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How Chris Appleton’s Former Assistant, Rikke Gajda, is Making a Name for Herself

Norway native Rikke Gajda started working in the salon at the age of 14—now she calls LA home and assists some of the biggest names in hair. Formerly Chris Appleton’s assistant, Rikke specializes in extensions and styling, as well as coloring blondes. Here Rikke shares with us how she broke into the industry to assist Appleton on hairstyles for Jennifer Lopez, Kim Kardashian, and Katy Perry. Plus her tricks of the trade for creating custom hair pieces, like the ones she recently made for Lily Collins and Cara Delevingne’s MET Gala looks.


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What’s your background in hair?

I started working in a salon when I was 14. I always wanted to do hair since I was a little girl! So every weekend next to school until I got my license I was working in the salon. I was lucky and started training with the apprentices when I was 15 so I already knew how to cut and style hair by the time I started hair school. After I got my license, I stayed working there for a few years but I always wanted something more and something bigger, and I knew I wouldn’t find that in Norway. It’s too small of a country and not much going on in the hair world out there. So I packed my bags and moved to California. I had to go back to school to be able to get a license here so I just chose the school that was closest to Hollywood on the map, because I had heard that Hollywood was where it was happening. I ended up getting a barbering and cosmetology license here, but I then moved to Vegas and did hair there for two years.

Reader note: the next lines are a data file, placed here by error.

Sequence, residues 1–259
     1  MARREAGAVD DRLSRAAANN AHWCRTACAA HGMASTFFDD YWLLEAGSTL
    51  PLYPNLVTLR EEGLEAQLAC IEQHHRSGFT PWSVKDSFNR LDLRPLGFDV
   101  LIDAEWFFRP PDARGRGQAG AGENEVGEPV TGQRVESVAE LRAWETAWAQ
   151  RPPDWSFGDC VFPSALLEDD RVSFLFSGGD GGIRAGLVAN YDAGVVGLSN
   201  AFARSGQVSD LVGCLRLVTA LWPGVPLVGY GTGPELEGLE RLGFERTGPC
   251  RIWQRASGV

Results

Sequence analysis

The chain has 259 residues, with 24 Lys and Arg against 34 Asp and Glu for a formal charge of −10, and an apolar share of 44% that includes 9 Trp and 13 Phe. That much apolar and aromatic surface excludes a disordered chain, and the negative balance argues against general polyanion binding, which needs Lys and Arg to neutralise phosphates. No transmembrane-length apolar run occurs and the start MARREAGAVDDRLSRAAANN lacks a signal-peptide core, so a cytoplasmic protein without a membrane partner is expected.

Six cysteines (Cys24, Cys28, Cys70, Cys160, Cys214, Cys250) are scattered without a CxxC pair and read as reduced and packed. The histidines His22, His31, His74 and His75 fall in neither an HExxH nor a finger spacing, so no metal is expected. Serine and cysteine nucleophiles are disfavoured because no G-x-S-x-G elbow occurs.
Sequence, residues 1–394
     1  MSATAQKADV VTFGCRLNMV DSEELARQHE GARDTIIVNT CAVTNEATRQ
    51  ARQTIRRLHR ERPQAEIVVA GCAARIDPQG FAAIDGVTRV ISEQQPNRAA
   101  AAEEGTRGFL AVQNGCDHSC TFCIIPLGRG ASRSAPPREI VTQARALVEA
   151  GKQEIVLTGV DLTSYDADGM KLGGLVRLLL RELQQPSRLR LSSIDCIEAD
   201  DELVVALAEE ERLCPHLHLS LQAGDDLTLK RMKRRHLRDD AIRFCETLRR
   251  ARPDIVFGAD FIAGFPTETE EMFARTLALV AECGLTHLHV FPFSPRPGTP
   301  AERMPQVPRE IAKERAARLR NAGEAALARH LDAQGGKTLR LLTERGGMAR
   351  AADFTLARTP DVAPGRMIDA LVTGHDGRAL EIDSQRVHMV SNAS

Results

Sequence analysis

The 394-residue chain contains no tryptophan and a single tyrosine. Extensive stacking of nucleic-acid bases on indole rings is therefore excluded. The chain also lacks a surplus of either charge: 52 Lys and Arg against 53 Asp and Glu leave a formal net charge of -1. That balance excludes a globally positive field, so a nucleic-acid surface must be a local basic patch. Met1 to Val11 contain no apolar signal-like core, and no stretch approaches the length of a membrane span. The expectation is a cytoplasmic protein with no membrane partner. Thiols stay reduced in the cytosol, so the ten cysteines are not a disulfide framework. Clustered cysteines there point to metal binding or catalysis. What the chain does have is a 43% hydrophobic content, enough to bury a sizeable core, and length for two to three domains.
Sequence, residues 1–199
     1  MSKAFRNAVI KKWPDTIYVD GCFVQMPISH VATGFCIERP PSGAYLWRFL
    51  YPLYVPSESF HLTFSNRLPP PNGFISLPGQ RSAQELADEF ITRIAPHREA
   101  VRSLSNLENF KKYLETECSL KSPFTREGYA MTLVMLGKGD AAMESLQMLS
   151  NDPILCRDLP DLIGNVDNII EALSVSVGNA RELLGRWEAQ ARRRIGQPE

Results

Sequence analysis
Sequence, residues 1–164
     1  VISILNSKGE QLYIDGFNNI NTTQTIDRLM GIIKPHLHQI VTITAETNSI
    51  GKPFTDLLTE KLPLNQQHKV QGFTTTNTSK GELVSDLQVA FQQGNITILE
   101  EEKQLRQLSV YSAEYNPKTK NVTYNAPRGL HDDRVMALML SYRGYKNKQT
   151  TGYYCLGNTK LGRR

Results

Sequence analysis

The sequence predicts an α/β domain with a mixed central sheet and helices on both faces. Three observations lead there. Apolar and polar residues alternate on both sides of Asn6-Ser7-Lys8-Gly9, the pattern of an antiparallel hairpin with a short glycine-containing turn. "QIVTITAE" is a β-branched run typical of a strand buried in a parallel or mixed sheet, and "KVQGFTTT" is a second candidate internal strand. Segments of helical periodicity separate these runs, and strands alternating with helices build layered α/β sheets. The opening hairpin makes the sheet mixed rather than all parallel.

How did you start assisting Chris Appleton?

I was actually living in Vegas at the time and one late night, I saw he posted that he was looking for a full time assistant. I just had a feeling right then and there that I would get that job so I jumped out of my pajamas, went into full glam and made a video and sent it in. The next day I got called into a interview and I drove that night to California. Two days later, I was on set with Katy Perry. 

Did you assist any other celebrity hairstylists before Chris?

No, he was the first celebrity hairstylist I assisted. I had done many hair shows and fashion shows but never really celebrity hair.


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What’s one thing you learned from assisting Chris that you’ll never forget?

I was with Chris for a year and I definitely learned a lot, we were quite busy and had a lot going on. The one thing I learned that I’ll never forget is that everything is possible. You can always make something work even if seems impossible.

When/how did you learn how to make custom hair pieces?

I actually never really learned properly how to make them. I’ve always been crafty and enjoyed making things and I love to sew. So one day on set I had to make a pony super quickly. I had never made one before. Having seen some ponies that you can buy in stores, I just did what I thought had the similar shape and that was the start of it. I’m sure that one wasn’t the best but it’s been many after that and I’ve just perfected it as I go, seeing what shapes worked better, which one looks more natural, and then take away and add things accordingly. It’s so much fun!